David Palter Reviews #1
Posted Apr 6, 2008
Last Updated Apr 6, 2008
Reviews are, of course, one person's opinion. Nonetheless, David Palter's reviews are always intelligent, and from my point of view, perceptive and fair. These are especially interesting because they compare several epic series. Now, here's David.
I recently finsihed reading the Sword Of Truth series by Terry Goodkind, which (if you haven't been reading it) is 12 volumes long, of which eleven out of twelve are quite long, so it amounts to a tremendous amount of wordage. Compared to the Lord of the Rings, it is perhaps six times as long. Some aspects of this series annoy me; in particular, the author has strong political opinions (rather similar to those of Ayn Rand) and he is trying too hard to make his political point, rather than just telling a story in a way that unobtrusively illuminates some political reality. And even besides that, there are two serious inconsistencies that I could complain of.
But despite these flaws, the work has tremendous narrative power and imagination, it is very richly conceived and on the whole, compellingly told. I consider it to be the most interesting of the various epic fantasies that have been written in the spirit of Lord of the Rings (which, however, remains the most perfectly conceived of the epic fantasies).
JK Rowling's Harry Potter series, which is as you undoubtedly know the most popular work of fiction ever written, is too juvenile to achieve true greatness, and indeed, even its immense popularity may not last, I think of it more as a fad. As fantasy goes, it is mediocre. There was a brief time when "Herman's Hermits" was the most popular group in rock & roll music; they are now correctly remembered as a minor footnote in the evolution of that musical genre.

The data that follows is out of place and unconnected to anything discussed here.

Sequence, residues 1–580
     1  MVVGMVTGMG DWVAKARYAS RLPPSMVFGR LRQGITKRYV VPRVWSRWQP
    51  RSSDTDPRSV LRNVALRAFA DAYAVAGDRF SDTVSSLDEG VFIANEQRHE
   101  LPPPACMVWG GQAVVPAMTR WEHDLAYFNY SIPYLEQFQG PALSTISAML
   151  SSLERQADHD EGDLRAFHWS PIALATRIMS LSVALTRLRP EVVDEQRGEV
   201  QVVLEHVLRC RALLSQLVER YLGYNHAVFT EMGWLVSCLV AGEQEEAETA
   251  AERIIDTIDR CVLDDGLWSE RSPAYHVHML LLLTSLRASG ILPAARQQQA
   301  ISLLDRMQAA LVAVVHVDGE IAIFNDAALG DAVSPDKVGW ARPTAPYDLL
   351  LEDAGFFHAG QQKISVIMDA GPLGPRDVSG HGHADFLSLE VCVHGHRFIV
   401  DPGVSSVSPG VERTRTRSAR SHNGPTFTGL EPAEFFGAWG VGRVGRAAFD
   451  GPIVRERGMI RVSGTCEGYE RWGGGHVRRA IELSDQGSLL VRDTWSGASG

I also want to mention a series by Stephen King, the Dark Tower series, which is seven volumes long, all long books, hence, almost as long as the Sword of Truth series. This series also has some aspects that annoy me. Even though fantasy knows no limits, and an author can invent anything he likes, there are some aspects of this series that are too unbelievable for me to easily suspend my disbelief. I think that King goes a bit too far in his departure from reality. However, aside from that, it is a fascinating and powerful series. As with the Sword of Truth, or the Lord of the Rings, there is a very convincing feeling of a profound struggle between good and evil. King is also immensely imaginative. Technically he is a better writer than Goodkind. Still, I found the Goodkind series, the Sword of Truth, to be slightly more entertaining than the King series. Both, however, are quite remarkable pieces of work. For those of us who always wanted something that could re-capture the magic of Lord of the Rings, both of these series do a very good job, and do it with enough originality that there is no risk of feeling that one is just reading an altered version of Lord of the Rings.
Another popular fantasy series is the Wheel of Time by the recently deceased Robert Jordan (the final volume is still incomplete). This one is distinctly inferior to the Sword of Truth (which it in many ways resembles) and it will be even if a posthumous collaboration completes the series (which I expect to happen). I don't recommend it, even to avid fantasy fans. You can do better. And of course there is the Thomas Covenant series, which is still being written — volume two of the third trilogy has recently been published. It is an interesting series but I do feel a certain sense of exhaustion with it. The first two trilogies were enough, the third trilogy is too much.
Anyway, for we Lord of the Rings fans, there is lots to read these days. -- David